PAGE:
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This support for teachers is because most people know how important teaching and good teachers are. That is part of their experience as pupils and/or parents.
Most also know teaching is tough, and becoming more so as society changes. More parents expect schools and teachers to undertake roles they should do themselves. Some are demanding and pushy. Others show too little interest. The range of mental health and other problems among pupils, meanwhile, grows.
While teaching hours appear short and holidays extended, conscientious teachers work long and hard. Sixty to 70-hour weeks are not uncommon for the more dedicated. Contact time in front of class is but one part of the role. Nights and weekends and much of the "holidays'' can be time to catch up, prepare or simply to catch breath.
Some teachers, however, do not put in that effort. They, too, receive the benefits of any increases.
The public knows teachers need to be well rewarded. The vital and worthy profession should not be a second-choice option.
It should be recognised, too, that effective teaching is much more difficult than it might seem. First, is the acute demand of what is euphemistically called classroom management. Having the personality, and skills, to control a classroom of pupils of any age is beyond most adults - no matter their training. It is not uncommon for teachers to find the experience overwhelming.
Teaching is also becoming more sophisticated. Inquiry-based and individual learning in large classrooms with multiple teachers brings a new range of abilities and techniques.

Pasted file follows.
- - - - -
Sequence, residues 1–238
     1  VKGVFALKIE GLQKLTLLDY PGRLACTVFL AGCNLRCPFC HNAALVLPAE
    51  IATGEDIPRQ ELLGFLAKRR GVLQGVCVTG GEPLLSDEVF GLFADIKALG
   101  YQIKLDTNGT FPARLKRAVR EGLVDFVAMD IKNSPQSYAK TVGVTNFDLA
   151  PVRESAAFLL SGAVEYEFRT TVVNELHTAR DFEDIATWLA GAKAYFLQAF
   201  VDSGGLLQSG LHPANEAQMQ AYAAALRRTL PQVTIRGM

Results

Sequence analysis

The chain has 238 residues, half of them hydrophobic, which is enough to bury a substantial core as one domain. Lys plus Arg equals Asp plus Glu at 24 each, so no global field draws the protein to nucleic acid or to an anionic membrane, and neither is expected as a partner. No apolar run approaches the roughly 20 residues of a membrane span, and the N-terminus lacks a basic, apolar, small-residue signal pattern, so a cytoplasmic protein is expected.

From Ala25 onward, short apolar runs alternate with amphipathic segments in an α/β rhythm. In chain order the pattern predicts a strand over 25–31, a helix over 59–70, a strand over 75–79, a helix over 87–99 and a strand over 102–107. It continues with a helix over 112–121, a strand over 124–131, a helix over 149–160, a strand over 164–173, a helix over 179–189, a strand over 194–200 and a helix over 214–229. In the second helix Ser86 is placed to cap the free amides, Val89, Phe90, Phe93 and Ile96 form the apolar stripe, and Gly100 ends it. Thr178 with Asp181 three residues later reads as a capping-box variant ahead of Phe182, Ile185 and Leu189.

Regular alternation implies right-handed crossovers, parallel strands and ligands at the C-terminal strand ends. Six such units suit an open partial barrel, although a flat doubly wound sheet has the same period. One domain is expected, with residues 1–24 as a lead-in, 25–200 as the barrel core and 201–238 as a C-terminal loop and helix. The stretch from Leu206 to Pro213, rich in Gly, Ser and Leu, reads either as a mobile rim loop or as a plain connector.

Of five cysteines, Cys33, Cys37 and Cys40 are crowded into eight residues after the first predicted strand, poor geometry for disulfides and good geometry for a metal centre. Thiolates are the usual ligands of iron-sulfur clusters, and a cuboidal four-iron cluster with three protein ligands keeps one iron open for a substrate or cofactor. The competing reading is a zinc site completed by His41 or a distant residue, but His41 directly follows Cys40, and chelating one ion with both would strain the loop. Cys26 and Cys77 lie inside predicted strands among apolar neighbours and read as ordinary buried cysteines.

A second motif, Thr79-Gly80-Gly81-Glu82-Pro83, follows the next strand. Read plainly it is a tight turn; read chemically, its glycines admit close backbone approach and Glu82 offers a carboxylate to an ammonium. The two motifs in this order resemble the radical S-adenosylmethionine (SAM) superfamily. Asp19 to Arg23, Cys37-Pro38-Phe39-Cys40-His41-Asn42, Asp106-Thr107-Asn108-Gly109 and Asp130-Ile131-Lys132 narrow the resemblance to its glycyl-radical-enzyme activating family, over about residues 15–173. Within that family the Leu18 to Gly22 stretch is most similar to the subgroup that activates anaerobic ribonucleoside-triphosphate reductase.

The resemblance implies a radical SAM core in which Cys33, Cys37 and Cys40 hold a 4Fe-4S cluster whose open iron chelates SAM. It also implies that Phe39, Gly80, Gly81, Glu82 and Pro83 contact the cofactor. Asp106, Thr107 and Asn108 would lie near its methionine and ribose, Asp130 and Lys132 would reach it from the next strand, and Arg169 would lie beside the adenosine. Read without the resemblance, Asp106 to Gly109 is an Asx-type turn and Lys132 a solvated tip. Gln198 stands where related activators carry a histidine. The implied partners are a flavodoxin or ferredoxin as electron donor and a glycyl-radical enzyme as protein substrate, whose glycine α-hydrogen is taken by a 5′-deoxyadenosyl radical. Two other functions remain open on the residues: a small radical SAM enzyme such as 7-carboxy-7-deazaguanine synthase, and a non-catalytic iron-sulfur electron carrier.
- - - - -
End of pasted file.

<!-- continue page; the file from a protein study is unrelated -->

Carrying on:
On the other hand, teaching has attractions as a specific and stable job providing an above-average income, especially when pay for extra responsibility units are added on. Teachers, also, are always going to be needed.
Against this background, and with a deficit of teachers at present, the Government has offered a pay deal which will give primary teachers about $10,000 extra after three years of increases.
Education Minister Chris Hipkins puts the case for competing Government spending and points out teachers will be in the top 20% of earners in this country after the rises. He says the other issues - important matters in this dispute - are being addressed over time.
Mr Hipkins says the money offered is all there is. That is, though, what industrial negotiations say in disputes, and teachers do not believe him. They think there is more to be squeezed out. Upping the ante will achieve a larger salary increase plus other movement.
Both sides are in danger of becoming entrenched, and it becomes difficult to back down. The Government has repeated the mantra about no more money so often that it will lose face with any change. It knows, notwithstanding the rapidly rising fiscal surpluses, that the likes of health, mental health, housing and other requirements will prompt short and long-term spending pressures.
The unions argue more money is needed because of the shortage of teachers. But the logical corollary is a pay cut when numbers are plentiful. That is not going to happen. The demand for teachers also reflects full employment and similar needs for staff all over the economy.
Strikes impact significantly on working parents. Much as that is a weapon, sympathy could easily swing to annoyance. Teachers could rapidly lose public backing.
Hopefully, the parties can sort out a resolution. Hopefully, there is a little room for Government movement around the non-salary issues, notably the intention to provide more support for children with "additional learning needs''. Hopefully, teachers can acknowledge what is being offered goes well beyond what almost all the parents of their pupils will receive.